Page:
Another option is finding a pet sitter. Services such as Pawshake offer a platform from which you can find a vetted carer to walk, cuddle, play with and feed your pooch while you’re away.
Jess, marketing manager at Pawshake Australia, says this service allows greater flexibility, as not only can pets board in a warm family home, they can also receive home visits, daycare or house sitting if this is more suitable. “Owners can connect with sitters easily via the Pawshake website or app, arrange a free meet and greet before booking, read past reviews from other pet owners, choose from multiple service options and enjoy peace of mind with free premium pet insurance with every booking,” she says.
As with kennels, trust is hugely important if opting for a carer. “Meeting and greeting first is essential to get to know each other before booking — you can really get a sense for your carer by meeting up in person and observing how they interact with you and your pet. A pet sitter should be curious, professional and ask plenty of questions about your pet — everything from their temperament and favourite food to their favourite games, their daily routine, any medications they might require — the list goes on.”
How early should you book?
If you want to book for a peak season like Christmas or school holidays, Andrew strongly recommends doing so four to six weeks in advance. “Otherwise 15 days in advance is typically the key time our existing customers book,” he says.
Jess from Pawshake adds, “While most pet sitters are wonderfully flexible, it’s strongly encouraged to start looking earlier rather than later to allow time to meet and greet — at least a week is a good amount of time to get organised. Some owners and sitters arrange a trial pet-sit before committing to a long-term booking, which is a great idea for any first-timers on the site.”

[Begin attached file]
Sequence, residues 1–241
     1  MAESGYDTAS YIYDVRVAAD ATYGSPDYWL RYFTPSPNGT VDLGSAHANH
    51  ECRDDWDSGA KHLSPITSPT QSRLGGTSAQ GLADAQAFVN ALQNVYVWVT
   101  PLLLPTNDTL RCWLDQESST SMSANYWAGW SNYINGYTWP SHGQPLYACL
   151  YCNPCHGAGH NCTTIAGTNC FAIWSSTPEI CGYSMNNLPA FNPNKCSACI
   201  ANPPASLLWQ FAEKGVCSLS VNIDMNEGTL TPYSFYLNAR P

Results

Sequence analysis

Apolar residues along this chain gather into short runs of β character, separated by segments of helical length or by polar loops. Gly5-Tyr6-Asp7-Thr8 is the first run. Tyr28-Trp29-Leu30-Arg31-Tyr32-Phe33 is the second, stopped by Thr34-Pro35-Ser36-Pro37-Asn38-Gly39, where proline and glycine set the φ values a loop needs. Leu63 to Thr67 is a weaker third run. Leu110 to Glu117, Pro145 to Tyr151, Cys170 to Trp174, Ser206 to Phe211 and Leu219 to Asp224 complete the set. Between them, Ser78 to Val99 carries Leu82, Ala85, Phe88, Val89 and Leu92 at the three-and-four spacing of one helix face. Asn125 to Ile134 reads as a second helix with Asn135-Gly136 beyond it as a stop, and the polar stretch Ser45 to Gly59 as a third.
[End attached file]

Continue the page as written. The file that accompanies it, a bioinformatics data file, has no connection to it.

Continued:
Top five tips for booking a pet hotel
Andrew Biggs, CEO of Hanrob Pet Hotel, has put together the following tips for pooch parents looking to book a pet hotel for the first time. He says the pet facility should provide pet owners with:
Peace of mind and convenience
Does the facility have ratings and reviews online? How long have they been established for? Are they happy to take the dog owner through the facility so they can see the dog quarters and meet the team?
A qualified, experienced and approachable team
Are the carers trained pet carers? What procedures are in place to ensure your pooch gets the best possible pet care service?
Open and frequent contact
Can you contact the facility easily to check in on your precious pooch and feel assured she is getting the level of attention and pet care needed? Some facilities offer Skype or Face-Time, email, Facebook Messenger, Live Chat, video or photo updates via email.
A welcoming, memorable and enjoyable experience for your precious fur-baby
When you visit the facility either in person or via its website or social media channels, look at the other dogs and dog owners’ feedback. Are they happy with their experiences? Do you get the sense that a lot of people are repeat customers?
Health and safety precautions
Make sure the pet hotel asks you for vaccinations and papers as this is a clear indicator of dog welfare standards.
What should you take with you?
A healthy dog that’s up-to-date with vaccinations
A comfy toy or blanket if they have one
Make sure your furry friend is always looked after at our DOGSLife Directory